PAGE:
They bring the best of both worlds to a bedside table. Don’t be afraid to set a mood with table lamps and wall pieces that let you set just the mood you want in a room of your own.
Photos via Red and Lonny Magazine.
You don't have to break the bank to turn your bathroom into an inviting retreat. A host of affordable solutions can give your bathroom charm and style. It's important to maximize what you have. In this case, the homeowner takes advantage of a floor and backsplash lined with earth-toned subway tiles, picking up the hues in the pale taupe sponged-painted walls.
A hanging lantern lends an exotic air and carefully edited accessories, like the white vase and clear bottle of bath gel help create a restful atmosphere. A weekend of painting, a trip to a flea market or lamp store was all that was required for this make over.
Don't be afraid to pump energy into a bath that's going to be shared by others. Remember, too, that there are two kinds of lighting in a good bathroom: Ambient wall lighting creates a mood and the other, task lighting, helps you shave or put on make up.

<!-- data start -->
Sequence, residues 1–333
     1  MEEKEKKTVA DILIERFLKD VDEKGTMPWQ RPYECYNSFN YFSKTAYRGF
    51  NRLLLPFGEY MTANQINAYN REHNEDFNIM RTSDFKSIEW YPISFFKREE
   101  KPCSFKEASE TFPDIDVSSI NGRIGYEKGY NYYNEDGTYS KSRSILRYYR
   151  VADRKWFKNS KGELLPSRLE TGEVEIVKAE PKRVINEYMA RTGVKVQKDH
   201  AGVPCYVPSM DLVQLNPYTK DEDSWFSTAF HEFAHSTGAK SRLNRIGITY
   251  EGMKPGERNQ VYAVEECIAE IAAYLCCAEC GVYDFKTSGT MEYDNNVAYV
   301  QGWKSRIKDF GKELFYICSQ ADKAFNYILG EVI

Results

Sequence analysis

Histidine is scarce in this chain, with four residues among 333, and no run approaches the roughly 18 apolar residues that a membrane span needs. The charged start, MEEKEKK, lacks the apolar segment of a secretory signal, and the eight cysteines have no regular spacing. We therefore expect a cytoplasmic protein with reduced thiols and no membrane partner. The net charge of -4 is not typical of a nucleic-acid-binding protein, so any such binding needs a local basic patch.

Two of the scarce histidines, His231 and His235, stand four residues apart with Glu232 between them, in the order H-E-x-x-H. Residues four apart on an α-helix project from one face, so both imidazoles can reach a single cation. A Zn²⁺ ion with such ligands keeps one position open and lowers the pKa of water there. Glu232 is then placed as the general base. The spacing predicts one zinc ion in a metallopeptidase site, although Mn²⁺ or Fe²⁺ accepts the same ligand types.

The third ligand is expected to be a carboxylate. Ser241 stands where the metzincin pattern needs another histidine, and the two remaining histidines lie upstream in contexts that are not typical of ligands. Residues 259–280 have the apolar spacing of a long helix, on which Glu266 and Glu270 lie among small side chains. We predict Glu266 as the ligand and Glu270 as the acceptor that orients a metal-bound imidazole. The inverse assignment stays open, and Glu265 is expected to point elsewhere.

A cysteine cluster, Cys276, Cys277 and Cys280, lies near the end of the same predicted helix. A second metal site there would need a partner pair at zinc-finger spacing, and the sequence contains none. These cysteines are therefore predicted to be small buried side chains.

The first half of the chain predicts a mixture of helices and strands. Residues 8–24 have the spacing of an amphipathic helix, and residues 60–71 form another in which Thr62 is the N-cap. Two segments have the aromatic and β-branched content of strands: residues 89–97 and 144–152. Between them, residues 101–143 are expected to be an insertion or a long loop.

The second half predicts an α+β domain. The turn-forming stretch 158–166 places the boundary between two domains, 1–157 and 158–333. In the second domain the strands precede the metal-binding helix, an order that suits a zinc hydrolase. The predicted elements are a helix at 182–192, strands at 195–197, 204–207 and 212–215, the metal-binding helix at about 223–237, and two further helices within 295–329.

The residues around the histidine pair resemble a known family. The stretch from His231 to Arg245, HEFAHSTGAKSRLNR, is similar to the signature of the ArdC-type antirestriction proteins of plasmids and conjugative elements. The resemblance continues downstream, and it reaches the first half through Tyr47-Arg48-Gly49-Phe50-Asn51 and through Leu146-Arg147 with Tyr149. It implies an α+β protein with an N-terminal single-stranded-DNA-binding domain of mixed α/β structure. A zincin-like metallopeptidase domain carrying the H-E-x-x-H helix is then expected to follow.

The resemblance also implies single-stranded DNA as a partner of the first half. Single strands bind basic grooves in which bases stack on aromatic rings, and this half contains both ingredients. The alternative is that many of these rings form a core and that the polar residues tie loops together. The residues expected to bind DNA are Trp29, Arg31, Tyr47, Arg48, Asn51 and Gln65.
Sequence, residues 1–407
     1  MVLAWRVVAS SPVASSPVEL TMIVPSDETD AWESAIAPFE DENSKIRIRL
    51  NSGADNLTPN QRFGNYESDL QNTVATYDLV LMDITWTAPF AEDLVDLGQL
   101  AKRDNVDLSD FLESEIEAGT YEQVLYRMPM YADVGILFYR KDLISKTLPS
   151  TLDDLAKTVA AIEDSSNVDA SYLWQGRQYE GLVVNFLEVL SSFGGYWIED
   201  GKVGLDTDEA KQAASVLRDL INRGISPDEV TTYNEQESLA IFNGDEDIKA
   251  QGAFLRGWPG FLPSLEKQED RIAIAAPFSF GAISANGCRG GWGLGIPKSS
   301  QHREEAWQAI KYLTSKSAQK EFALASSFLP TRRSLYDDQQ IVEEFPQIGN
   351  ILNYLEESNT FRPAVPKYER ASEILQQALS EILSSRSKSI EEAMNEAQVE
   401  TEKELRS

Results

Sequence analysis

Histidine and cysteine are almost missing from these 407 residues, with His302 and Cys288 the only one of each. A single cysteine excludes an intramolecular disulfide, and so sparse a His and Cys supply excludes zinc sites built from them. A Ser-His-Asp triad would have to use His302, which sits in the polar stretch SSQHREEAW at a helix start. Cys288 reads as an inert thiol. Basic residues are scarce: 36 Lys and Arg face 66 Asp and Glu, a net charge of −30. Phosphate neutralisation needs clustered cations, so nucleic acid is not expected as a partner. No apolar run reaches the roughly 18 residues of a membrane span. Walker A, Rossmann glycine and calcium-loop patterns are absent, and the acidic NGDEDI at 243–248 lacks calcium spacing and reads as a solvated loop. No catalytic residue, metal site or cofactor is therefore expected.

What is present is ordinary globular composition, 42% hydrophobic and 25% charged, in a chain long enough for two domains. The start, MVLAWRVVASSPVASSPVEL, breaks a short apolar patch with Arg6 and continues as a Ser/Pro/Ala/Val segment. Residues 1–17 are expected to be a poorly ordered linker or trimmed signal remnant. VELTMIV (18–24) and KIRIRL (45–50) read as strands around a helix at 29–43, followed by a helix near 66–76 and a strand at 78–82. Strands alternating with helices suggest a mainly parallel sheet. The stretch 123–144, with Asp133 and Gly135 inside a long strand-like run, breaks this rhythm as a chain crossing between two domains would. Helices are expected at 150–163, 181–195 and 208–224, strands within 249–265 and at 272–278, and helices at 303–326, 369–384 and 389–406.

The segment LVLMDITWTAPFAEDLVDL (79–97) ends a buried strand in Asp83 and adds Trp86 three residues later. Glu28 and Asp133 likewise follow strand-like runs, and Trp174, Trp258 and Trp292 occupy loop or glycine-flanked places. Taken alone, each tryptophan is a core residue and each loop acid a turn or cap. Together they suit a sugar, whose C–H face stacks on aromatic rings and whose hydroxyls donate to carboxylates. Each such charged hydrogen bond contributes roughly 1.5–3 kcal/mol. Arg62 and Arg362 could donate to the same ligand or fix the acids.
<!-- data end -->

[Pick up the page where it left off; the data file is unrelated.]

The swing arm lamp over this period vanity is a great example of the latter. The red wainscoting is a daring but successful choice and what pulls it all together is the north African rug on the tile floor. Don't settle for your mother's white bath mat!
There's no reason to stick to things that gleam when you're rethinking your bathroom. Vintage and recycled pieces in the right combination create a relaxed romance that really can't be beat. In this bath, the look starts with the distressed wide-planked floors.
A recycled cast iron tub that looks made for soaking, a highboy with an original finish, and an array of gorgeous glass bottles that might have come from an Edwardian apothecary can be collected at any flea-market or second-hand store. The battered white chair looks chic when it's staked with fluffy and inviting white towels. The lesson here is imperfection equals charm.